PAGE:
The e-ROSA project seeks to build a shared vision of a future sustainable e-infrastructure for research and education in agriculture in order to promote Open Science in this field and as such contribute to addressing related societal challenges. In order to achieve this goal, e-ROSA’s first objective is to bring together the relevant scientific communities and stakeholders and engage them in the process of coelaboration of an ambitious, practical roadmap that provides the basis for the design and implementation of such an e-infrastructure in the years to come.
This website highlights the results of a bibliometric analysis conducted at a global scale in order to identify key scientists and associated research performing organisations (e.g. public research institutes, universities, Research & Development departments of private companies) that work in the field of agricultural data sources and services. If you have any comment or feedback on the bibliometric study, please use the online form.
You can access and play with the graphs:
- Evolution of the number of publications between 2005 and 2015
- Map of most publishing countries between 2005 and 2015
- Network of country collaborations
- Network of institutional collaborations (+10 publications)
- Network of keywords relating to data - Link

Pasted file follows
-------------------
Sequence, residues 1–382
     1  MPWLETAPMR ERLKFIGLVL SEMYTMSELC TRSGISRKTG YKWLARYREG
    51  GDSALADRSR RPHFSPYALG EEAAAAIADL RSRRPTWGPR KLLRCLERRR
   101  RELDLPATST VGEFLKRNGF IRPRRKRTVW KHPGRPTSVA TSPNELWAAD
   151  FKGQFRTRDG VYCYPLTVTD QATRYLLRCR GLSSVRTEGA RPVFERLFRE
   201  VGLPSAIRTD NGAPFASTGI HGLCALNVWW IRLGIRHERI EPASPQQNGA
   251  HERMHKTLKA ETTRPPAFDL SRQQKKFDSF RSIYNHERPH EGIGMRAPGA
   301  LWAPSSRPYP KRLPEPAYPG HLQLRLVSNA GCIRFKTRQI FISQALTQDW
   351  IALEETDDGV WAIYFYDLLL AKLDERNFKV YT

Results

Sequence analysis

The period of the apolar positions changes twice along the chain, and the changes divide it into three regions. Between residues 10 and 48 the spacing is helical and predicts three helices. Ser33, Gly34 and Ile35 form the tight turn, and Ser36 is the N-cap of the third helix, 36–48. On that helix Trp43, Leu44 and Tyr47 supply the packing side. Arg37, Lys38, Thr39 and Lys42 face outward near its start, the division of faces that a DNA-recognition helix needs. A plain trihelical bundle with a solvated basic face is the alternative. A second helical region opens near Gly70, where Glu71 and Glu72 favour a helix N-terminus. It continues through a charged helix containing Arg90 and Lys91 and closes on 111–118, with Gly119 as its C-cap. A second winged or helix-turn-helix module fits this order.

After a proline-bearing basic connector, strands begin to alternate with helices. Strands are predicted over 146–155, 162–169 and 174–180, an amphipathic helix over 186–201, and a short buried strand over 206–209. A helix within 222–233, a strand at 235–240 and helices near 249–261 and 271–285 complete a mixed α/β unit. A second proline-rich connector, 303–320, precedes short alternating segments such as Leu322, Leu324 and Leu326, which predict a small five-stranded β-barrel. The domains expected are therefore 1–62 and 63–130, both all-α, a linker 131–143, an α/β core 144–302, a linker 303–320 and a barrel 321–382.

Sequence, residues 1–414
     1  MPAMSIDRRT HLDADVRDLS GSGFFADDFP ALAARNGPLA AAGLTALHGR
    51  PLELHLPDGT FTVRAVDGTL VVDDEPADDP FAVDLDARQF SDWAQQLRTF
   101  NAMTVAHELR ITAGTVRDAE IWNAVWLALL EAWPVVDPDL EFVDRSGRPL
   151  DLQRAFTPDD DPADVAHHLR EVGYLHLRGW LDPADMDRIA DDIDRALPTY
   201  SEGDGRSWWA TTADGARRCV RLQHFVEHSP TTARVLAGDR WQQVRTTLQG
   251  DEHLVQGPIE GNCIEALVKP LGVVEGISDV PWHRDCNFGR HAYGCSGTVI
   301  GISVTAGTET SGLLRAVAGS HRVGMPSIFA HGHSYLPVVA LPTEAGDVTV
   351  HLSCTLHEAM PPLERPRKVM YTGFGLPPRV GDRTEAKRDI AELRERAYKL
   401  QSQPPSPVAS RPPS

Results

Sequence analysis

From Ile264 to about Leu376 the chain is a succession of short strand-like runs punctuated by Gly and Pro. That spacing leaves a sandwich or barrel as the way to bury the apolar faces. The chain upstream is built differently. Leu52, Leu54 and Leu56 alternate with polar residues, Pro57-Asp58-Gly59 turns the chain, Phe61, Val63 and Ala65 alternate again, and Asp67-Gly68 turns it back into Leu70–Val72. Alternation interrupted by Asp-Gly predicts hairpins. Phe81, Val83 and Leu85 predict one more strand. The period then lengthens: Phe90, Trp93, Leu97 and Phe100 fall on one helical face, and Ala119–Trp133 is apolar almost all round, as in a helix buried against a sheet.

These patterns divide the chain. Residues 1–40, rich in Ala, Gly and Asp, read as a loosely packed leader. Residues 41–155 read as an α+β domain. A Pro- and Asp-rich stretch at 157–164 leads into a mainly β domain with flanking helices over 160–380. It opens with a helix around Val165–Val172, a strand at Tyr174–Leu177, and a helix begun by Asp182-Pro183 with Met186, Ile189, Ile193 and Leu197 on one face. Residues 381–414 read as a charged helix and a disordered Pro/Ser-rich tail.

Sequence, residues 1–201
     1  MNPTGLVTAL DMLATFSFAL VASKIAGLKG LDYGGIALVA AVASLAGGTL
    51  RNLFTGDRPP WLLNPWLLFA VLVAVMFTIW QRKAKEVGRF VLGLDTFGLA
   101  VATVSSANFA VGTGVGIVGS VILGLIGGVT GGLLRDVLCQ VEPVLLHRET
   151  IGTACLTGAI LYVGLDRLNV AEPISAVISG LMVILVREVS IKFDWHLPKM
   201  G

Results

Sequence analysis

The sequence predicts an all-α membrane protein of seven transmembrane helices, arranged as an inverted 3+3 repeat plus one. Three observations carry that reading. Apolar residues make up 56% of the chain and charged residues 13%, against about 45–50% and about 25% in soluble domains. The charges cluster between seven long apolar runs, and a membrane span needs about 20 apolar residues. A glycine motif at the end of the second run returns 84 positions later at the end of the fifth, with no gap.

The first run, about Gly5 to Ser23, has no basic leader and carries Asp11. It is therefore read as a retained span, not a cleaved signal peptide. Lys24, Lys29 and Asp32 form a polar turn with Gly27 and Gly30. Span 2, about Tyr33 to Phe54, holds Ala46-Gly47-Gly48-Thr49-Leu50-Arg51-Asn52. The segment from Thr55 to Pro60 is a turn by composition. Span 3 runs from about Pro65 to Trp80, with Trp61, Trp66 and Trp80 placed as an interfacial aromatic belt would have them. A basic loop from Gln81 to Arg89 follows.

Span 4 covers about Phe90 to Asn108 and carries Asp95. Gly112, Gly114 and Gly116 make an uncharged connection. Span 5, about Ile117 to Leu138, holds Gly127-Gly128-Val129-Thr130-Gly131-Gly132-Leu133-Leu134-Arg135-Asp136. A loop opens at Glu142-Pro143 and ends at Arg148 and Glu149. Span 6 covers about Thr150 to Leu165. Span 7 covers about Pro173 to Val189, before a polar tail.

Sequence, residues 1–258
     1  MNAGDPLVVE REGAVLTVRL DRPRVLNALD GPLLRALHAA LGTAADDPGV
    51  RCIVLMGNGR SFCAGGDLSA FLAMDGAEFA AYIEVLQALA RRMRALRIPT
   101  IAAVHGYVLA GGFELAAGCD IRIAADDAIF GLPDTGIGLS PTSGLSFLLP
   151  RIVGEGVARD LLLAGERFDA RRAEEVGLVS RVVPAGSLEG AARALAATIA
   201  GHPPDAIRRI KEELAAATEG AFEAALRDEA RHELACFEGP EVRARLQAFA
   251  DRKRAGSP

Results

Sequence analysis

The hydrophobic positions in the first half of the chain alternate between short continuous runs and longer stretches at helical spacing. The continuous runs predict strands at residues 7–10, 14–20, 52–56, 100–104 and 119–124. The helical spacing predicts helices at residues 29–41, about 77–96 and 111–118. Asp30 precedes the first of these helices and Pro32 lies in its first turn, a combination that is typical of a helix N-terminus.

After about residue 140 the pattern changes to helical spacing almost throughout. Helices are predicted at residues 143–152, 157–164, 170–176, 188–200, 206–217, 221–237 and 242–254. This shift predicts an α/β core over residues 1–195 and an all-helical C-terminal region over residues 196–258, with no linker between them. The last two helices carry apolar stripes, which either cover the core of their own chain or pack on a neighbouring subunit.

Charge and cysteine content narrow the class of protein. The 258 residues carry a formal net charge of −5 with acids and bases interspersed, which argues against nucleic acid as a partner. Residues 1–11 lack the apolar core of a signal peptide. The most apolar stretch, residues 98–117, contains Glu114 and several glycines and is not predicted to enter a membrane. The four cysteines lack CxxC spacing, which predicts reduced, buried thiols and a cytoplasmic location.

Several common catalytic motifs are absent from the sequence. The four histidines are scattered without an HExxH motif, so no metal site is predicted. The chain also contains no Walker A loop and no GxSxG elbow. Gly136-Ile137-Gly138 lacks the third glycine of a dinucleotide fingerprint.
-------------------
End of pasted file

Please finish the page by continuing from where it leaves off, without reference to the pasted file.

Managing salinity in irrigated agriculture is crucial for minimising its negative environmental impacts and for ensuring the long-term sustainability of irrigated agriculture. It demands establishing rapid monitoring systems that help develop sustainable management plans. Remote sensing offers several advantages over the conventional proximal methods to map and predict areas at salinity risk. This paper presents an integrated approach to characterize soil salinity using remotely-sensed data in the District Faisalabad, Punjab, Pakistan. The IRS-1B LISS-II digital data was acquired and analysed in combination with field data and topographical maps. Remotely-sensed data based salinity indices or band combinations were developed to monitor the occurrence pattern of salt-affected soils. Using supervised maximum likelihood classification, the images were classified into eight land use classes with an overall accuracy of around 90%. The classified images showed that 22.2% of the total area was under salt-affected soils in 1992. The occurrence pattern of salt-affected soils varied with positive and negative trends during 1992-1995 to a minimum of 10.6%. The delineation analysis into levels of saline soils revealed three types based on USDA classification (USDA, 1954). The slightly saline, moderately saline and strongly saline soils during 1992 were in the order of 15%, 3%, and 1% respectively. The interactive behaviour of salinity and sodicity and their combinations showed that saline-sodic soils occurred predominantly ranging from 6.9% to 17.3% of the salt-affected soils. The shallow watertable was found to be of hazardous quality in 28% of the study area. The relationship between salt-affected soils, waterlogged soils and groundwater quality revealed that 60-70% of the salt-affected soils occurred in shallow watertable areas during 1992-1995. The reuse of poor quality groundwater for irrigation and the failure of tile drainage system in the area are likely to further increase the risk of salinisation in the Indus Basin of Pakistan. (C) 2010 Elsevier Ltd. All rights reserved.
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